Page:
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Barbara Whelehan writes Boomer Bucks for Bankrate.comGetting a discount on inner peace

Swiss psychiatrist Carl Jung said, "The second half of life is the spiritual work."

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Life is about much more than how much money we make, the job titles we hold, the work we do, right? There's little meaning in the accumulation of material possessions. When it's our turn to "go gentle into that good night," we won't take our homes, portfolios or valuables with us.

Between the 12th and 15th centuries, "life" was defined as the animating principle; the soul, essence. So what's the meaning of life in the 21st century? The soul is something we seem to neglect in our time. Yet attempting to discover life's meaning is a worthy pursuit, much more so than aiming for the usual trappings of success. But here's the rub: The quest could involve a serious outlay of cash.

Disclosure: I happen to be Christian and go to church weekly. Tradition is important to me. But there's more than one path to spiritual enlightenment. I'm also drawn to mysticism because we can experience our own spiritual nature right here and now, as dwellers of the earth. No need to wait for the afterlife to feel a connection with the divine.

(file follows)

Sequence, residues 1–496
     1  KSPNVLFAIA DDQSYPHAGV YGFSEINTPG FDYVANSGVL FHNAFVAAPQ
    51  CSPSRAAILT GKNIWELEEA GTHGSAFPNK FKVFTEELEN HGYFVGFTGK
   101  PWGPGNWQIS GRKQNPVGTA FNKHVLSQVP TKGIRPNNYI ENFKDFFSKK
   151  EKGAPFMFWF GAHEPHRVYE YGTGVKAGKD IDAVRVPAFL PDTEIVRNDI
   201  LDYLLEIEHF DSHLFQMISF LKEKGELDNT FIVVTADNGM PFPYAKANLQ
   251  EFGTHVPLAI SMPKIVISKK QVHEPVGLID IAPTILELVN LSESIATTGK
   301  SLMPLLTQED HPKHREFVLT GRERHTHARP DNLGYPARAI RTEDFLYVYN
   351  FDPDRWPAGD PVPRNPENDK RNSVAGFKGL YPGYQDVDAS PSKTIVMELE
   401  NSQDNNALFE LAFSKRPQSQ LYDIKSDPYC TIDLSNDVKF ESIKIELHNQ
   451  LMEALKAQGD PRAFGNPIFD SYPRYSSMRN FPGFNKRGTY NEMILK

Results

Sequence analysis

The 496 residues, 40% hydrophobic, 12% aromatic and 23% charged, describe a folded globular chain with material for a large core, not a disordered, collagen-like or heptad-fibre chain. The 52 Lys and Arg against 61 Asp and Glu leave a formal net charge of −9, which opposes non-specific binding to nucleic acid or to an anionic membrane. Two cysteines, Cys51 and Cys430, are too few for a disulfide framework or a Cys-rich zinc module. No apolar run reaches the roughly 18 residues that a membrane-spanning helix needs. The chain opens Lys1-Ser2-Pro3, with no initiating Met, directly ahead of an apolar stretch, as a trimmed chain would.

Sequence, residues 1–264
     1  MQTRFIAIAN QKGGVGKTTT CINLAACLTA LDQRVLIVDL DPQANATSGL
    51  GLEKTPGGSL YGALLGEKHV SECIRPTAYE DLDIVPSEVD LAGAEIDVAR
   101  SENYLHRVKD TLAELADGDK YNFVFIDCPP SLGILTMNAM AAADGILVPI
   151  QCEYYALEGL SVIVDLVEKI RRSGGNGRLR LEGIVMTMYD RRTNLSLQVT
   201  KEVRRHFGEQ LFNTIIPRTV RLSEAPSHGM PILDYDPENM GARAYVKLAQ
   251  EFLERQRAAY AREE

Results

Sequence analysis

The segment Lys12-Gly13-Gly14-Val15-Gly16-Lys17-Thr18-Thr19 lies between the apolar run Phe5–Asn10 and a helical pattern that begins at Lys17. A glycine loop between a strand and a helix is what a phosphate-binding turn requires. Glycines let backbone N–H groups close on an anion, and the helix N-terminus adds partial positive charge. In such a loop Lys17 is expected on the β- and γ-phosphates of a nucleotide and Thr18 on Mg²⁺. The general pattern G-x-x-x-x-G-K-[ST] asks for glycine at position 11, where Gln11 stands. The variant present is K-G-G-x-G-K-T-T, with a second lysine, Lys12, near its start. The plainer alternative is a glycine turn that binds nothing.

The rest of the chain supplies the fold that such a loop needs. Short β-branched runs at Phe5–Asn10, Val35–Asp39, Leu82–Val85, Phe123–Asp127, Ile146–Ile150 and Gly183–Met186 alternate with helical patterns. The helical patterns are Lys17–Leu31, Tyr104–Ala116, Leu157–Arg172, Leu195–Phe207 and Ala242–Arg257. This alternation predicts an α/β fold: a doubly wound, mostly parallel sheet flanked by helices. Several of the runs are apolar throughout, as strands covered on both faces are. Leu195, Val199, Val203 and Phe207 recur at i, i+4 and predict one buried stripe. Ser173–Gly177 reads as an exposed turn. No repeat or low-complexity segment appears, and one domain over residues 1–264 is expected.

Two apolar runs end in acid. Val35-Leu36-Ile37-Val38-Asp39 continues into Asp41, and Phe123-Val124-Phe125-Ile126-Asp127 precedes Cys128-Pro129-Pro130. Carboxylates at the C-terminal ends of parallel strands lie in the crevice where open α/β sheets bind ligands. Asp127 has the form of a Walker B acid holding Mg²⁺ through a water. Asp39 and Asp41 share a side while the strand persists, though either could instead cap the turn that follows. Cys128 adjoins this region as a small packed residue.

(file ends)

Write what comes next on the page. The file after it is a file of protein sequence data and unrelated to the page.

One way to renew that connection is through meditation. But wow, that could be a costly endeavor!

Meditation inflation
I felt a deep yearning to learn how to meditate nearly 25 years ago. My neighbors practiced Transcendental Meditation, or TM. The only way I could learn it authentically, they said, was if I shelled out 500 bucks. It's important to learn from a TM instructor, who would know which mantra to assign me, they said.

To me $500 was an astronomical sum. As a matter of fact, it's still a lot of dough. Since then, the cost of TM has skyrocketed. Today it costs $2,500 for 10-12 hours of instruction. Call it "meditation inflation" at an annualized rate of 6.65 percent.

But meditation has lots of benefits. It's been known for years to be a great stress reliever. According to a recent article in Time magazine, researchers using brain-scanning devices have discovered that "meditation directly affects the function and structure of the brain, changing it in ways that appear to increase attention span, sharpen focus and improve memory." Even some corporations, including Deutsche Bank, Google and Hughes Aircraft, have partaken of the Kool-Aid, paying their workers to take classes.

The TM Web site uses this line of reasoning to entice new customers: "As an investment in your own health, happiness and success in life, the cost of learning can be repaid to you many times over in reduced health care costs, lower insurance rates and greater earning power."

That may be true, but I still thought the $500 price tag repugnant 25 years ago. Serendipitously, I found a book called, "Everything You Want to Know about TM, Including How to Do It." I skipped right over to the chapter with the instructions and read them. I have been practicing it daily ever since.

 
 
Next: "... a decent return for an initial investment of less than 10 bucks."
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